The majority of people who walk for exercise are playing in life's fourth quarter. While mall walking is not exclusively the purview of seniors, anyone without an AARP card stands out like an ant in the sugar bowl.

While I don't easily admit to a decade long membership, I find the number of hours spent walking with my fellow graybeards replacing time formerly spent playing tennis, as walking doesn't require the conditioning, speed, coordination and flexibility needed to play a competitive match.

In addition to improving muscle tone and cardiovascular performance, walking burns up calories and takes a lot of time. As we age we require less of the former, and have more of the latter available to enjoy.

My wife and I, after a lifetime spent riding everywhere, find walking fun - particularly in a great city like Chicago with miles of lakefront, beautiful parks, hundreds of interesting neighborhoods, and some of the best shopping areas in the world. There are more pairs of performance walking shoes sold in the U.S. today than footwear sold for all other athletic categories combined.

Young people don't seem as anxious to walk, either for exercise or as a means of getting someplace. As little kids, once acquiring the skill, learning to ride a bike provided a much more exciting alternative to walking, and exponentially expanded the neighborhood. As bigger kids, learning to drive not only left the bike parked in the garage, but opened up vistas previously available only to adults.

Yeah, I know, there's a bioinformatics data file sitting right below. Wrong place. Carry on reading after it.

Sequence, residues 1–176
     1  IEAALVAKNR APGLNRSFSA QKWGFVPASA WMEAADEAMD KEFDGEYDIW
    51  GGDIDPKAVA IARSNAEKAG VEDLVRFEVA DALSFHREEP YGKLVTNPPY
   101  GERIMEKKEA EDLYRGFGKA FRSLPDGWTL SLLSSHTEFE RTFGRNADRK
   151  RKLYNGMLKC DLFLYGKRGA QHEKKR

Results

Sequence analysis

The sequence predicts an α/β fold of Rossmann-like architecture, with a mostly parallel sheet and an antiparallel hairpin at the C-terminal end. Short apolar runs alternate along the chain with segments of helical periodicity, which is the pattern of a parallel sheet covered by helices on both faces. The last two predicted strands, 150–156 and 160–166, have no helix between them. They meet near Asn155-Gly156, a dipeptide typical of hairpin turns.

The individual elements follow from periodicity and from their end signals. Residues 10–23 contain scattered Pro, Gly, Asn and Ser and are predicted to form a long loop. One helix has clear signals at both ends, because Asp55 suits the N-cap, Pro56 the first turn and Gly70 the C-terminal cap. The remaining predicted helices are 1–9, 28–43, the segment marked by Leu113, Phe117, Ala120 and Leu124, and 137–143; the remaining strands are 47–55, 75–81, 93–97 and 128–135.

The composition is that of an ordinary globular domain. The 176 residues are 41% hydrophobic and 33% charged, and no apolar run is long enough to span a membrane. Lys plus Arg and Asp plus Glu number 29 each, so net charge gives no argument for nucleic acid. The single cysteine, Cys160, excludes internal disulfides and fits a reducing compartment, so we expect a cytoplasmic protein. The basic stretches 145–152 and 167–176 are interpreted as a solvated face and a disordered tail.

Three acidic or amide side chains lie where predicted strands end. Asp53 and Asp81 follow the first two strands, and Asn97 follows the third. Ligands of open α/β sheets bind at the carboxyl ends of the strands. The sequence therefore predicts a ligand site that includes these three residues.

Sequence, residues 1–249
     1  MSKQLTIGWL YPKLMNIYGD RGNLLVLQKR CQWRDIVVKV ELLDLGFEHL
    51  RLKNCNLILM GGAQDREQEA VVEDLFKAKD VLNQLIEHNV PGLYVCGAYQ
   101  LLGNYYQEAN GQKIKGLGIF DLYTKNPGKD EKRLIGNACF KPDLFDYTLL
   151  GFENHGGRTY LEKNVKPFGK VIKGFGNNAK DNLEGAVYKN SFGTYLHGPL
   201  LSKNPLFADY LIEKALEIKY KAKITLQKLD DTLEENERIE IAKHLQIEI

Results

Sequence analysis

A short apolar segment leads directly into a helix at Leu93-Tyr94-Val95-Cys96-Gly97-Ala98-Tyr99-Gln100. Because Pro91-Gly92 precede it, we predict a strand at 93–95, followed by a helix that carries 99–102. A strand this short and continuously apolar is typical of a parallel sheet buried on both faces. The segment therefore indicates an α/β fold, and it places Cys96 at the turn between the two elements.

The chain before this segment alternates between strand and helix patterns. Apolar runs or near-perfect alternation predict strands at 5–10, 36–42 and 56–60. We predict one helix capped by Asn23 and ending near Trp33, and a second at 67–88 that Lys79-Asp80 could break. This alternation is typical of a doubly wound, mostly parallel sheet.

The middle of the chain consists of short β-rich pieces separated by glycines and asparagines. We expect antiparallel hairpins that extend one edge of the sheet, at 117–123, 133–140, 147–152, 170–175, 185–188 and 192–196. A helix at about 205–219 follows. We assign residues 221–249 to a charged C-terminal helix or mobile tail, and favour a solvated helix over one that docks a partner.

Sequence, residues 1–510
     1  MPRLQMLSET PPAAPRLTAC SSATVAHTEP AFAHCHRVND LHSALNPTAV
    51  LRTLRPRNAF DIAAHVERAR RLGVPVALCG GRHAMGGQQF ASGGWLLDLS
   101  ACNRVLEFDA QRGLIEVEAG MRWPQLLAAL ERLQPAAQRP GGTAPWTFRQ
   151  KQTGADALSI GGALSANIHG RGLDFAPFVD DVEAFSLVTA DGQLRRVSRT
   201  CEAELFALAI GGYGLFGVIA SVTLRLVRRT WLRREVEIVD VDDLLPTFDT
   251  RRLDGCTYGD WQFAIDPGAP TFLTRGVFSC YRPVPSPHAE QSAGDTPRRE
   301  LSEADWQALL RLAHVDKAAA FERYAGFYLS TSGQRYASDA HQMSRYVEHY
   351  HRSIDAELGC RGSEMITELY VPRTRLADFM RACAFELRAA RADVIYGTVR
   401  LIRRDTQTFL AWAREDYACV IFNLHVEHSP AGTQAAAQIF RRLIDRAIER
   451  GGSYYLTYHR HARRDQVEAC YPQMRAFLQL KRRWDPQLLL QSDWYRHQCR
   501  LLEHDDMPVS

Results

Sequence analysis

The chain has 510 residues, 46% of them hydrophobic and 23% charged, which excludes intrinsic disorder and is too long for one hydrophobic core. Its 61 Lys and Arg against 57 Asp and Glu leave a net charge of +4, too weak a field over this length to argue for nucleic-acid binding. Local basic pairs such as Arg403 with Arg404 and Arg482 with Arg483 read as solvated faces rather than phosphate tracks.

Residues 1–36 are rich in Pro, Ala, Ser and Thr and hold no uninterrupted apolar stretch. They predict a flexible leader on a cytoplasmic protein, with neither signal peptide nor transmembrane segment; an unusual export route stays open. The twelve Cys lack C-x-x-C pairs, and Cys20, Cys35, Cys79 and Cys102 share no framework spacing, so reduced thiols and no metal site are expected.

Walking to school, after securing a driver's license, was only slightly cooler than pressed jeans, or advanced acne. The availability/ownership of a car defined the quality of our recreation, and gave us the ability to reach out beyond our local community for social contact and entertainment.
While, even today, strolling hand in hand with a soulmate or lover remains a favored tradition on college campuses, only underprivileged young people walk to the ballpark, beach, theater or restaurant.

Young people jog, fence, hike, mountain climb, trail run, surf, skate, ski, master the martial arts, run marathons, triathlons, practice yoga, Zen, play baseball, softball, basketball, tennis, football, racquetball, badminton, volleyball and lift weights. For the most part, however, they walk as little as possible. Perhaps for the young, life seems to offer limitless opportunities and they just don't want to slow down for fear of missing one.

There is something profoundly ironic with the fact that we spend our formative years learning to walk, and our final years fighting for the strength to keep on walking. The longer we live the more likely we will lose our right to drive, opportunities to travel, and ability to compete. As long as we are capable of moving under our own power, however, we have independence and the freedom to choose. I can think of no better reason to hike up the sox, and keep on walking.